UNICEF chief says participation of children in special session made history
The participation of young people in the General Assembly's special session on children marked an historic departure from past conferences and enlivened the event with fresh perspectives, the Executive Director of the United Nations Children's Fund (UNICEF) said today as the three-day meeting entered its final stretch.
In contrast to the 1990 World Summit for Children, "the extraordinary difference and vitality that was felt in the meeting rooms and the hallways and the discussions by the inclusion of young people as participants, along with adults as official delegates, able to comment and offer their views and opinions, [created] a freshness," Ms. Bellamy told a news conference in New York, where the meeting has been under way since Wednesday.
Prior to the special session, some 400 kids attended a children's forum, while some 250 youths were included in their countries' official delegations. "They reminded us that children should not be seen as an expense but rather an investment," the UNICEF chief noted. "They made it very clear that they thought that there have been plenty of words in the past and plenty of promises but it is now time for action."
In another step forward since 1990, Ms. Bellamy noted, the draft text set for adoption at the conclusion of the meeting dealt with the concerns of all States. "This outcome document clearly has very strong commitment and language on child rights and as such, with its agenda - that ranges from health to education to protection to AIDS - really is a global document," she said, referring to the draft - A World Fit for Children. "This document applies to all countries, no matter what economic status."
Agreement on the document had not yet been reached, she said, "but there was some significant movement over the last 24 hours, particularly in agreement on strong language dealing with child rights."
"The work goes on to try and deal with the remaining paragraphs," she added, noting that language on reproductive health was still under discussion.
Stressing the need for action in the future, Ms. Bellamy said, "This meeting is not a success or failure based on whether it has an outcome document - it is a success or a failure based on what happens after the meeting."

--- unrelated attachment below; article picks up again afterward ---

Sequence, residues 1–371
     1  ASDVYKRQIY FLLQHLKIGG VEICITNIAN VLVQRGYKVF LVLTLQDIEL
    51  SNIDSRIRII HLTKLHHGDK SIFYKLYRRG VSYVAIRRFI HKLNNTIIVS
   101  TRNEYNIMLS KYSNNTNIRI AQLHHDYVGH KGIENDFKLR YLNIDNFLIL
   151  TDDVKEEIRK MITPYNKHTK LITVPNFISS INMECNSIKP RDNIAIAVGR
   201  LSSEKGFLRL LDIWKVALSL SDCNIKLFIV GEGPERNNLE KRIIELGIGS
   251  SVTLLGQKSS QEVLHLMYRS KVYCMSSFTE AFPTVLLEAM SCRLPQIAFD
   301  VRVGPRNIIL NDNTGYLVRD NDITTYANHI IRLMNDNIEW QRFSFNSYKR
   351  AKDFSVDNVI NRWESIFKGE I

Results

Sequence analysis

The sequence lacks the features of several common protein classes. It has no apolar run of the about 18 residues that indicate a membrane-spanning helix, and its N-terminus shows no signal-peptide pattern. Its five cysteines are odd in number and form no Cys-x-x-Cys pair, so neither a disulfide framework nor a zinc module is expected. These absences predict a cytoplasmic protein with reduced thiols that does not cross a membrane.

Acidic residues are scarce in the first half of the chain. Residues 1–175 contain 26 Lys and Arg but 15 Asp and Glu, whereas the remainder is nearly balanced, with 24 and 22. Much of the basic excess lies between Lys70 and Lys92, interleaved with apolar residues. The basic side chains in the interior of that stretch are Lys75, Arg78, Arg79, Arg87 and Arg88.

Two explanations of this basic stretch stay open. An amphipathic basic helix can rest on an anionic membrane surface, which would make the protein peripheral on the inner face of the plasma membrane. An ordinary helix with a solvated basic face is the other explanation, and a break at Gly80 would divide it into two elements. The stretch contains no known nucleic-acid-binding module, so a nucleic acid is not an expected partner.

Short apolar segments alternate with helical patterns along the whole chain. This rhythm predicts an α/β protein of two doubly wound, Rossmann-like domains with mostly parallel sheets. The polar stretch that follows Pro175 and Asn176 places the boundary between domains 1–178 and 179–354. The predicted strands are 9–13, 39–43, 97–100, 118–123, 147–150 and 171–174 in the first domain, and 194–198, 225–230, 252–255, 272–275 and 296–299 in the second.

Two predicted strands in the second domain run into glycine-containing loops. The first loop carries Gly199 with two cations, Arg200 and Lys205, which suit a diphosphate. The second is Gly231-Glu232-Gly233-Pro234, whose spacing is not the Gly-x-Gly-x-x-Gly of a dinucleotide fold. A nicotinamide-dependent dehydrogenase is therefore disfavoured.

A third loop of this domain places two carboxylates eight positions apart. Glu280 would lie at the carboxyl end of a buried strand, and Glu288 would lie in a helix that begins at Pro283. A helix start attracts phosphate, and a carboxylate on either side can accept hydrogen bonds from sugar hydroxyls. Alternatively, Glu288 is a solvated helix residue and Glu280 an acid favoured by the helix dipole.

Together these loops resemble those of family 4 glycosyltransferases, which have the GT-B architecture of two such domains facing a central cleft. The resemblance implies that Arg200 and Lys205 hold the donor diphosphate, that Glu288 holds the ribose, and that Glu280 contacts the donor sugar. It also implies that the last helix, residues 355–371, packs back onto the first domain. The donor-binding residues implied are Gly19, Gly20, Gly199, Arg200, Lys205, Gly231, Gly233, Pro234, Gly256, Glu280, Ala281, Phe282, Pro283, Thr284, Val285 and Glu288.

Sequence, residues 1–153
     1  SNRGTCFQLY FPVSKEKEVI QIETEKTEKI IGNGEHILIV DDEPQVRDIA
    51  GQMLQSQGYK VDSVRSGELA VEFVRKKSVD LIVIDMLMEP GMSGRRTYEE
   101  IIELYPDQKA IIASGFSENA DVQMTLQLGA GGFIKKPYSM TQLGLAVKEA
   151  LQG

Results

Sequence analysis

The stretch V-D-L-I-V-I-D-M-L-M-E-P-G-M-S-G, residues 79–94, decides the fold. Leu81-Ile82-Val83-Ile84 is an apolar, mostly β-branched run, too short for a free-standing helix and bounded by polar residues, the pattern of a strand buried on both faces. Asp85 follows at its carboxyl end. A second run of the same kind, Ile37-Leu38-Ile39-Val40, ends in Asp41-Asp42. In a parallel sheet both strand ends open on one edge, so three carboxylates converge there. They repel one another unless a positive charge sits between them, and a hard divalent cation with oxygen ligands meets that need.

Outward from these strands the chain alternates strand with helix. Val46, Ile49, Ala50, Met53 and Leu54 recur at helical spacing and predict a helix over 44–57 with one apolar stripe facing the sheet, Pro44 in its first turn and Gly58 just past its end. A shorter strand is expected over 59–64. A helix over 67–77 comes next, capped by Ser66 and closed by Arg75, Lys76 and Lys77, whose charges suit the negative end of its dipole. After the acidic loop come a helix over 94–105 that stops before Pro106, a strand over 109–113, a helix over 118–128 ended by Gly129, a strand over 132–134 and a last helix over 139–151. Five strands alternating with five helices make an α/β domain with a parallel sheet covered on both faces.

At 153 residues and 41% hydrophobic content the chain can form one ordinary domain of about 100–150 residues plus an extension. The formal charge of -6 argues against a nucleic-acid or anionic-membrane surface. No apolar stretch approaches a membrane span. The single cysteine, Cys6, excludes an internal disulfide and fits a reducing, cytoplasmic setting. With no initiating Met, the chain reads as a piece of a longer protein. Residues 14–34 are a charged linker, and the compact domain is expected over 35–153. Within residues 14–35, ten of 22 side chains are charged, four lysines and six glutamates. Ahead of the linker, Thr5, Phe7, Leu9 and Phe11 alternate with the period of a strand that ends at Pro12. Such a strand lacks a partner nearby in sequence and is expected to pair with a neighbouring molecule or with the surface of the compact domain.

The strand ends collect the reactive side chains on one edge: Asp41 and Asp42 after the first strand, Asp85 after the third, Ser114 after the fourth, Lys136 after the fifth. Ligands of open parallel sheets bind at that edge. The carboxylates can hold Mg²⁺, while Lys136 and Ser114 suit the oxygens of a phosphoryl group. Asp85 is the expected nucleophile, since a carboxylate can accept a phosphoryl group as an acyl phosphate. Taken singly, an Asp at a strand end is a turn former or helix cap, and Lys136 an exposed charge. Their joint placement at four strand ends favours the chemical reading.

The action plan focuses on four primary areas: promoting healthy lives, access to and completion of quality education, protection of children against abuse, violence and exploitation, and fighting HIV/AIDS.
According to Ms. Bellamy, over 60 summit-level participants attended the event. In parallel to the special session, there was also a religious leaders' forum on the role of those individuals with respect to children, as well as a forum for parliamentarians, which attracted some 250 lawmakers from 79 countries. Leaders from the private sector were on hand, as were members of civic society, with some 700 non-governmental organizations (NGOs) from 119 countries attending.
Statistics released by the spokesman for the President of the General Assembly showed that the special session was attended by over 2,600 delegates, 1,720 NGO representatives and 800 media correspondents.
Several legal actions have also been taken during the meeting, including Somalia's signature of the Convention on the Rights of the Child, which has now been endorsed by every country on earth, and ratified by all but the United States. A dozen countries signed or ratified the treaty's Optional Protocol on the involvement of children in armed conflict, and 10 its Optional Protocol on the sale of children, child prostitution and child pornography.